Moshe replies with a strong rebuke – his main point of criticism was that by not entering The Land of Israel they would be abandoning their brethren in the upcoming conquest.
In a lengthy passage, Moshe ominously reminds them of the incident of the spies and its terrible consequences. In reply to Moshe’s criticisms, the B’nei Gad and Reuven say that they would join the rest of the nation in conquering the land.
Our Sages add that Moshe also implicitly rebuked them for mentioning their flocks before their children, indicating that their priorities were wrong, and that they should first focus on their children, and only then worry about their flocks.
The Midrash also points out that many years later, the tribes of Gad and Reuven were the first to be exiled as a consequence of their desire to stay in Eiver HaYarden, and cites a verse in Mishlei: “A rushed inheritance comes first, and its end is not blessed.”
Rashi explains that this verse refers to the B’nei Gad and Reuven because they acted rashly by hurrying to take the land of the Eiver HaYarden first, and as a result of their rashness they ended up being the first to be exiled. Hence, the verse means that because their beginning was rushed, the final consequences of their actions were negative.
Thus, we learn, that as well as their wrong priorities with regard to their children and flocks, the B'nei Gad and Reuven were also hindered by the trait of rashness. This trait is demonstrated in Reuven himself in the incident in Parshat Vayishlach, where he disturbed Yaakov’s bed. When blessing his sons, Yaakov reproves him for his trait of impetuosity and rashness that were the root cause of his actions. In addition, Yaakov stripped Reuven of the three privileges that go to the first-born – the Kingship, Priesthood, and double portion of the first-born.
The Shivtei Yisrael observes a common denominator between the tribes of Gad and Reuven. He points out that they are both first-borns from their respective mothers, and notes that first-borns are perhaps more prone to the trait of rashness, because of their status. First-borns are used to receiving things first, and therefore may find it difficult to wait.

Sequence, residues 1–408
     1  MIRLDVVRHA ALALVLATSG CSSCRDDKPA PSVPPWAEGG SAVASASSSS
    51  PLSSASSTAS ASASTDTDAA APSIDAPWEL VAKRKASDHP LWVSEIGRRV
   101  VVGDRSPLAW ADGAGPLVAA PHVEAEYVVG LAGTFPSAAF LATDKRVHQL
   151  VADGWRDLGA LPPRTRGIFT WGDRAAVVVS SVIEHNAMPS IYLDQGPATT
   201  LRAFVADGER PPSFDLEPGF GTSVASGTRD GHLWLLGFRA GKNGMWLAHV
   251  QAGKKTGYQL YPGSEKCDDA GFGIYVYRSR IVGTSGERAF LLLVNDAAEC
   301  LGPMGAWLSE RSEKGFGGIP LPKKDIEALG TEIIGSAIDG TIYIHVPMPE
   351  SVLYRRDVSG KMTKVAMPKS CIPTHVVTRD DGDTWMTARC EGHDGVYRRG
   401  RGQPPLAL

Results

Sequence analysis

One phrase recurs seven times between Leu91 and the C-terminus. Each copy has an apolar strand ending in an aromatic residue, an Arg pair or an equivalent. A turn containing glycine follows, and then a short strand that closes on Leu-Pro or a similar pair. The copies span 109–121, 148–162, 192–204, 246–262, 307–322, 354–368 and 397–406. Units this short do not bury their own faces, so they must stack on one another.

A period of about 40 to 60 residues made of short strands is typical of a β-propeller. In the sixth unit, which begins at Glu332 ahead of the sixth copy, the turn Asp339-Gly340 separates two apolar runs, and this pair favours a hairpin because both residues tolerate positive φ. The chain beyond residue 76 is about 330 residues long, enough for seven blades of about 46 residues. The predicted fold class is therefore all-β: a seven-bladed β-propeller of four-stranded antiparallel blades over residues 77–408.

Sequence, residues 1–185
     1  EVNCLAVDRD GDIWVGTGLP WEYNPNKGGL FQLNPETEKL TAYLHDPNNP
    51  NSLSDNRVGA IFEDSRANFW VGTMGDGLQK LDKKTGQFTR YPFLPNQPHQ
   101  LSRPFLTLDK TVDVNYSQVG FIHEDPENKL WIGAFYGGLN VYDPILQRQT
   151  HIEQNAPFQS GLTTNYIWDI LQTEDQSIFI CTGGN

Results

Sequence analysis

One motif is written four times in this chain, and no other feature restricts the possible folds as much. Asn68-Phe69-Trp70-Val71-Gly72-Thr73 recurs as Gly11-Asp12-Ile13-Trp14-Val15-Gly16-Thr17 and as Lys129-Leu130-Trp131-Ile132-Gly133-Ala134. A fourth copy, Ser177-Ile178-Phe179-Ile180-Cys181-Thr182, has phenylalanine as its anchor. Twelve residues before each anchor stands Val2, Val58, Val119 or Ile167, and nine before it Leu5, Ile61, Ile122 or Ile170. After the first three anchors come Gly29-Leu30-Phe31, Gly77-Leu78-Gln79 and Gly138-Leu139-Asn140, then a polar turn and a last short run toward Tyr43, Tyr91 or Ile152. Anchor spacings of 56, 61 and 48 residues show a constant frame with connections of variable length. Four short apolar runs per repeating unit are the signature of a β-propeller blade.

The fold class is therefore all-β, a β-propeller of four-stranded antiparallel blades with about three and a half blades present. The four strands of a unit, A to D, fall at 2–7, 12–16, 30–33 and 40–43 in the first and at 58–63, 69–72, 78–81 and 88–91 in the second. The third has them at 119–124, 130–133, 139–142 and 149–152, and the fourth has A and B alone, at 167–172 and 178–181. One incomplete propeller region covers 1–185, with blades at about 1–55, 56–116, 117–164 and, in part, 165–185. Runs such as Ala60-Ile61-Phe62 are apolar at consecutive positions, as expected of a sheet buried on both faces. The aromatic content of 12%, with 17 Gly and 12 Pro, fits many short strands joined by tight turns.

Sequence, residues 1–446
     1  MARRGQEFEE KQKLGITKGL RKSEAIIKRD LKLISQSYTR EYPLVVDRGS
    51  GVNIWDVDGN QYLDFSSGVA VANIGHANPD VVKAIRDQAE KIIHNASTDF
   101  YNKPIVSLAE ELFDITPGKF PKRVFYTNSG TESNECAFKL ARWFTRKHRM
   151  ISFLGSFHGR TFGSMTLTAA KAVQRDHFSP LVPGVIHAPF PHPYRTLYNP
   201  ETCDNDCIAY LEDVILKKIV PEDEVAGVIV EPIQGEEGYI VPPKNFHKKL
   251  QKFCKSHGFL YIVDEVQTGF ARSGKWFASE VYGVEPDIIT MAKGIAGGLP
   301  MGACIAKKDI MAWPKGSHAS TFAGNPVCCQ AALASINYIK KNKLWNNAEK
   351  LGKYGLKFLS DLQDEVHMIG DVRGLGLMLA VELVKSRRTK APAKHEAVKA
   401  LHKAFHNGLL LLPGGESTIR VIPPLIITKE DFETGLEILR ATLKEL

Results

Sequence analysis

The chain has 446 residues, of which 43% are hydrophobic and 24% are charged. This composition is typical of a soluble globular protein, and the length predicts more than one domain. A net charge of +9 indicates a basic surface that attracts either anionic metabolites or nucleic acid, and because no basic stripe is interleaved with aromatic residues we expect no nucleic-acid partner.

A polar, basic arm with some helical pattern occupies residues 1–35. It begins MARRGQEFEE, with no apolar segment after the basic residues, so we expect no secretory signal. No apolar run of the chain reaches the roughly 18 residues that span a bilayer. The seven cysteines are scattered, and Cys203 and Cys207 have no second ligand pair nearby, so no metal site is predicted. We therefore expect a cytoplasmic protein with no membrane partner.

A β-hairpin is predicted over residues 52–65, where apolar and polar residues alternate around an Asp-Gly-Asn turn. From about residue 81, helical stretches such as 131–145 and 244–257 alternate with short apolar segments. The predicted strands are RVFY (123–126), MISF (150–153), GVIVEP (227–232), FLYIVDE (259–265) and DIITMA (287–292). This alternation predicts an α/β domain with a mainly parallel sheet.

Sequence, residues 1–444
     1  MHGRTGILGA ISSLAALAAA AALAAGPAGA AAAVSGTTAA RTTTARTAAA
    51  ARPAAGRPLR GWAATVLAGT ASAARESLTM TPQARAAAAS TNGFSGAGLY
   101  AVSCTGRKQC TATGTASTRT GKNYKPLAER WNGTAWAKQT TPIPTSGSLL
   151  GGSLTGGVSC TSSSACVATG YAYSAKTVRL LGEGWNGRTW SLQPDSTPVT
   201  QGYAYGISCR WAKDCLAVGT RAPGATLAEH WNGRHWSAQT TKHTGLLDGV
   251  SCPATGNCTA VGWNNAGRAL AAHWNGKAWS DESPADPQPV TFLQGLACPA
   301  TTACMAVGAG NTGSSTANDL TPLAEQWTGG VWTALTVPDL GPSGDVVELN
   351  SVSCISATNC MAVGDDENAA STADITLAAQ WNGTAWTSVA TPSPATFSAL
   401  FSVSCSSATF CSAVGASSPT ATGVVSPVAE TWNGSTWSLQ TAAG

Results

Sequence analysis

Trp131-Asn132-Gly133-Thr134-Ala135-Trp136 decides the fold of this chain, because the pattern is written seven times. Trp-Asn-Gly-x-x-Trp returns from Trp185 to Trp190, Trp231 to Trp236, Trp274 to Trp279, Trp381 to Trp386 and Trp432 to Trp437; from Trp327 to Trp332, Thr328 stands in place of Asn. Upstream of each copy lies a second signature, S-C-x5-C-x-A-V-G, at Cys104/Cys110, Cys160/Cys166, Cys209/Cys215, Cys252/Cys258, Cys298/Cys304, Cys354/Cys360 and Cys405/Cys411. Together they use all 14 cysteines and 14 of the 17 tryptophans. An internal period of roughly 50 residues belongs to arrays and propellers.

He suggests that it was this shared trait that led to these tribes in particular to react the way they did when they saw the Eiver HaYarden. The other tribes were willing to wait and see the wonderful land that awaited them on the other side of the Yarden river. But the B’nei Gad and Reuven saw good grazing land and said, “Let's grab it!” Our Sages were critical of this attitude.
The Shivtei Yisrael proposes further that the impetuousness of these tribes cost them an annual Mitzva. The Mishnah teaches that one may not bring bikkurim (first fruit) from Eiver HaYarden. The Mei Shiloach teaches that the significance of bikkurim is that a farmer spends his entire year working his field, waiting for his fruit to start growing. When they finally do start to appear on the trees, the farmer might be tempted to rush out to the field and grab them. The Torah tells him, that the first fruit must be given to the Kohen, and he has to wait before he can take the fruit for himself. Hence, part of the message of the bikkurim, then, is to learn to be patient. Perhaps, writes the Shivtei Yisrael, those on the Eiver HaYarden were not allowed to bring bikkurim because the trait that placed them there was the impatience that bikkurim is meant to counteract.
Interestingly, one of the more maligned characters in the Torah can teach us a lesson about the importance of patience and avoiding rash decisions. Korach is described by Our Sages as a pikayach (smart person) and Rav Yissachar Frand suggests a source for this particular adjective. When analyzing the story of Korach, a difficulty emerges: Our Sages tell us that the real reason that Korach embarked on his machloket with Moshe Rabbeinu was that he was upset when Elsiphan ben Uziel was appointed the Nasi of the Tribe of Levi ahead of him, even though Korach was from an older family.
However, this took place significantly earlier than when Korach actually began to attack Moshe. Why did he wait until now?
The answer is that Korach realized that it would be very difficult to incite the people against Moshe Rabbeinu and he recognized that he would have much more chance of success if the people were already somewhat discontented. This indeed occurred after the episode of the spies, when the people were decreed forty years in the desert. Korach saw that then the time was ripe to sow discord with Moshe. This is why he was a pikayach – a pikayach does not rush into his decisions, rather he chooses the optimum time when he is most likely to succeed.
Sadly, Korach’s pikchut was used in the wrong way, but this does not take away from the example it can provide, and it contrasts with the rushed decision of B’nei Gad and Reuven.
May we merit to develop the traits of patience and pikchut.